|“Come to me, all who labor and are heavy laden, and I will give you rest. Take my yoke upon you, and learn from me, for I am gentle and lowly in heart, and you will find rest for your souls. For my yoke is easy, and my burden is light.”|
I would like to speak to a common and understandable struggle that came from last Sunday’s sermon on divorce. If two people are in a long-term miserable marriage, why should they stay married? The unhappiness of this couple’s relationship affects the family, children, and everyone related to them. The blame for this prison of dysfunction is often laid on Jesus. It’s often said, “If they only had the freedom to divorce, they could be happy.”
This reasoning makes two wrong assumptions. First, it assumes the problem is with the relationship and not the individuals. If the two people could separate, they would leave their misery behind. Second, that the will of God in marriage is not universally good. Instead, marriage is only good when you have a match of two good people. Let’s examine both of these wrong assumptions.
First, a miserable marriage comes from one, or both, spouses living in a constant pattern of sin. The problem is not with the “relationship,” the problem is with the individuals. If they divorce without justification from their present situation, they would simply take their sin with them into loneliness or their next marriage. This is the basic reason why people that divorce, without biblical justification, have a high rate of divorcing again and again. Their personal sin problems compound, instead of resolve. However, EVERY marriage is made up of two sinners. It’s a false notion that good marriages come from “two happy people” married to each other. I have met countless couples that were miserable together, but from an outside perspective, had no reason for unhappiness.
This goes to the second argument: “That the will of God in marriage is not universally good.” The will of God in marriage IS universally good, because it is used by God to help sanctify (make more godly and drive out sin) two sinners in a marriage relationship. Selfishness destroys relationships. The primary way, designed by God, to truly drive out selfishness is marriage and family. The long-term nature of biblical marriage and children, acted upon by the transforming power of the Holy Spirit, will radically change you.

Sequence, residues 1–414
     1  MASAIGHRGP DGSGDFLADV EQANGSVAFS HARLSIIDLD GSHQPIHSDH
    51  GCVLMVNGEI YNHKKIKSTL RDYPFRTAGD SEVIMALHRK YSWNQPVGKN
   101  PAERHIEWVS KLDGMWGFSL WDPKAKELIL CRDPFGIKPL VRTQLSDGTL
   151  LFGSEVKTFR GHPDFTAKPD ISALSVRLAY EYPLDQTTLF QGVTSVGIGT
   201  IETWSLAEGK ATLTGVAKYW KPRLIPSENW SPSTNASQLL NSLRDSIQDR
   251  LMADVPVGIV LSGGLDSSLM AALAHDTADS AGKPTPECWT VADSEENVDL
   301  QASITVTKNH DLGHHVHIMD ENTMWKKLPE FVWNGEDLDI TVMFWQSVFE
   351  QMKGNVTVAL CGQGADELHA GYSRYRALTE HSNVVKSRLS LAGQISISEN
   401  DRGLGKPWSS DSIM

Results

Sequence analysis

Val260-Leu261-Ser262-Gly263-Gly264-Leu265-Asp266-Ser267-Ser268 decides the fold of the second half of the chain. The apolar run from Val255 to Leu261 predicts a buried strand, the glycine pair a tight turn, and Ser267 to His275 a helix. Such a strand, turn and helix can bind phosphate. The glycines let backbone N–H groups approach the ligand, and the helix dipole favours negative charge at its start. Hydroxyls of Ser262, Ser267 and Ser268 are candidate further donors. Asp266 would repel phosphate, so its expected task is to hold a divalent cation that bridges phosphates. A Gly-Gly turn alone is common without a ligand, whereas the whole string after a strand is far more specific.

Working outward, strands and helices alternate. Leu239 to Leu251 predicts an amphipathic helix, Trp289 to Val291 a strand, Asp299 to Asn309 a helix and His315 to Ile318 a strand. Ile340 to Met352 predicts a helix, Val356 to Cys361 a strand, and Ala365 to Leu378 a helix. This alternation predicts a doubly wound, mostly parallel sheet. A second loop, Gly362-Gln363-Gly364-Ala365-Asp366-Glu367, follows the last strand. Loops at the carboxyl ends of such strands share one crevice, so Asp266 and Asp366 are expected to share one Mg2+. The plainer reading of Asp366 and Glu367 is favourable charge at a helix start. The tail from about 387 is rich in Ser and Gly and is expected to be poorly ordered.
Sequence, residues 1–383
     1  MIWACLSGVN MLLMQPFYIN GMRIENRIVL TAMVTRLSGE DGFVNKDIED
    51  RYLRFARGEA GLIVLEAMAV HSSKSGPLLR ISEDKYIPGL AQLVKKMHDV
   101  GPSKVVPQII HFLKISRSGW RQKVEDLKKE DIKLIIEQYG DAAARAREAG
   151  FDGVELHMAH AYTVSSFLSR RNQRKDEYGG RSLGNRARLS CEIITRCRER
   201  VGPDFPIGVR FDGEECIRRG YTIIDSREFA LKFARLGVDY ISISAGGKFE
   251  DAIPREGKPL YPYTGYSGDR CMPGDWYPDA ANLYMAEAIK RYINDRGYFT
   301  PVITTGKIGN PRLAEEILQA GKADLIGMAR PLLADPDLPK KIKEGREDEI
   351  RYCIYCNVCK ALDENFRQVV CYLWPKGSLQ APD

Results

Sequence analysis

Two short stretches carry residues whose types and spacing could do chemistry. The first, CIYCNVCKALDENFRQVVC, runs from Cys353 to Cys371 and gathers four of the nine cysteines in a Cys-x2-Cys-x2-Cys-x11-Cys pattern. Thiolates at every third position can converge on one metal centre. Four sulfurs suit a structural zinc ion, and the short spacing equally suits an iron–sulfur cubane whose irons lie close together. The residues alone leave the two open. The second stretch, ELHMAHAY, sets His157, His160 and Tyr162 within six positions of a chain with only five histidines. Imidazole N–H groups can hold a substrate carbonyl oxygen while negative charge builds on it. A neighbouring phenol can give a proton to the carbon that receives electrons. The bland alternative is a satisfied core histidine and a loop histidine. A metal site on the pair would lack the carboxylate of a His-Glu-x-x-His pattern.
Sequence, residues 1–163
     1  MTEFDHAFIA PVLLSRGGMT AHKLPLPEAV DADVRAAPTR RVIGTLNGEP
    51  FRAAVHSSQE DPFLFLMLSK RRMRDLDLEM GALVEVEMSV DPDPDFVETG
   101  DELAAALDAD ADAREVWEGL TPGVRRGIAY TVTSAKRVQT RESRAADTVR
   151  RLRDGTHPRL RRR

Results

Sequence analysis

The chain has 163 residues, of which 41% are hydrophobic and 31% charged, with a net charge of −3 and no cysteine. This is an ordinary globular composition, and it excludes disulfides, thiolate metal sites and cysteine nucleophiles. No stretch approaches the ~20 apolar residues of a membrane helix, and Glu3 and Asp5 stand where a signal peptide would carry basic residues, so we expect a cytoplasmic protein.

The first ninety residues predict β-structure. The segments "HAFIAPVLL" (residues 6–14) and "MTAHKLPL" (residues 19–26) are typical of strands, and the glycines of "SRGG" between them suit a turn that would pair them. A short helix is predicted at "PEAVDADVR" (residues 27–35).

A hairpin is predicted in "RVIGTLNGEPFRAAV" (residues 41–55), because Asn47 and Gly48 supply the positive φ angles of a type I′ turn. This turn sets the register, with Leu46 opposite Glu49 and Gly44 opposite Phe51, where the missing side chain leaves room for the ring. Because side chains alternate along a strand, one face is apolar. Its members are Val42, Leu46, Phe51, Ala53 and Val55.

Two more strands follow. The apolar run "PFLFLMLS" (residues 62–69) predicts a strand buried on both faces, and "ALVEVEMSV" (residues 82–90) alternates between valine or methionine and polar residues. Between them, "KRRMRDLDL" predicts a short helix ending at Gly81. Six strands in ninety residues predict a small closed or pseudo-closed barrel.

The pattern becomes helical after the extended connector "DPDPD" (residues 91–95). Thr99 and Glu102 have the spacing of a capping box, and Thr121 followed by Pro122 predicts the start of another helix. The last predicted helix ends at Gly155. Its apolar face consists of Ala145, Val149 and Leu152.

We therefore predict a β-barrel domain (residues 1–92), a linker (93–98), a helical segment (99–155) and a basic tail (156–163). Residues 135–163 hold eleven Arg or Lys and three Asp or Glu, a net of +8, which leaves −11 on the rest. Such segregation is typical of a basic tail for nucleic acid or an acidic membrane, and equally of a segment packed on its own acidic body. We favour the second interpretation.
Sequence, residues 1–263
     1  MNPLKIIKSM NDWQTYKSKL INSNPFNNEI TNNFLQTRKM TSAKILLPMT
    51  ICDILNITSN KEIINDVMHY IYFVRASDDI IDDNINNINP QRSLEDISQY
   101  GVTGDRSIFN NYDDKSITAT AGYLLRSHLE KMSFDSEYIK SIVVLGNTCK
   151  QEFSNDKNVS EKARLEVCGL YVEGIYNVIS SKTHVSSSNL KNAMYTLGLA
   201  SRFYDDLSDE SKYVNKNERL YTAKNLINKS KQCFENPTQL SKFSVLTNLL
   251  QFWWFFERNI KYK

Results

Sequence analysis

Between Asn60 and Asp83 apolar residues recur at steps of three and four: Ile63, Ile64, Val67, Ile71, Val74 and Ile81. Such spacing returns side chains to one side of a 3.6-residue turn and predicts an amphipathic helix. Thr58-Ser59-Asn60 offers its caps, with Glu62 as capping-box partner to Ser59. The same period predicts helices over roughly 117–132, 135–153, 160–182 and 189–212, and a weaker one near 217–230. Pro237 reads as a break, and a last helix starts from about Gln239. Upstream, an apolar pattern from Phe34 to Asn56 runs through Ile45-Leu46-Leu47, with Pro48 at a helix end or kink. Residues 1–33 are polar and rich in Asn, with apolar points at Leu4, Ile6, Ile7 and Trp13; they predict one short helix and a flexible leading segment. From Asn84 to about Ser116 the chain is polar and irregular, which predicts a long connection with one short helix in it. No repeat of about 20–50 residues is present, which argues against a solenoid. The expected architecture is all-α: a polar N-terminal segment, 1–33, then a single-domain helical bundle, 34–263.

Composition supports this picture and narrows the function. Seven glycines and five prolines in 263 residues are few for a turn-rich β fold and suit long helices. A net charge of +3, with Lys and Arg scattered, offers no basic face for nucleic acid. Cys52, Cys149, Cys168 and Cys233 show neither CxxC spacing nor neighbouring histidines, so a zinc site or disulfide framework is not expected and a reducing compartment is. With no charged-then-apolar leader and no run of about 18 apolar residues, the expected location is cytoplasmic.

The answer to a miserable and failed marriage is not divorce. This excludes the justified reasons for divorce spoken about Sunday, but speaks to the reality that most failed marriages result from anger, harsh words, selfish spending, relational withdrawal, an unwillingness to serve a spouse in need, inflexibility, selfish personal career choices, and so on. All of these reasons are sinful. The answer to our sin is the gospel of Jesus Christ.
The main point I want to make here is that the answer to our miserable relationships, destroyed by sin and selfishness, is the gospel of Jesus Christ. If you are in a struggling marriage, do not focus on escaping the marriage. Instead, examine yourself and look to Jesus. Jesus came to save sinners. The Holy Spirit has been sent to accomplish the radical transformation of selfish sinners into servant-hearted people that bless those around them. If you know people who are in a terrible marriage, please do not center your conversations with them around nursing their selfishness or encouraging them to run away from their sins. Point them to Jesus and the gospel of forgiveness of sins through repentance and faith. When you see others in a low and beat-down place, don’t encourage them to run further into the darkness; point them to Jesus who can make all things new. Jesus can, and will, give them rest for their souls.
Speak the gospel truth, for the truth alone can set you free.
May our marriages be strengthened by the Holy Spirit this week,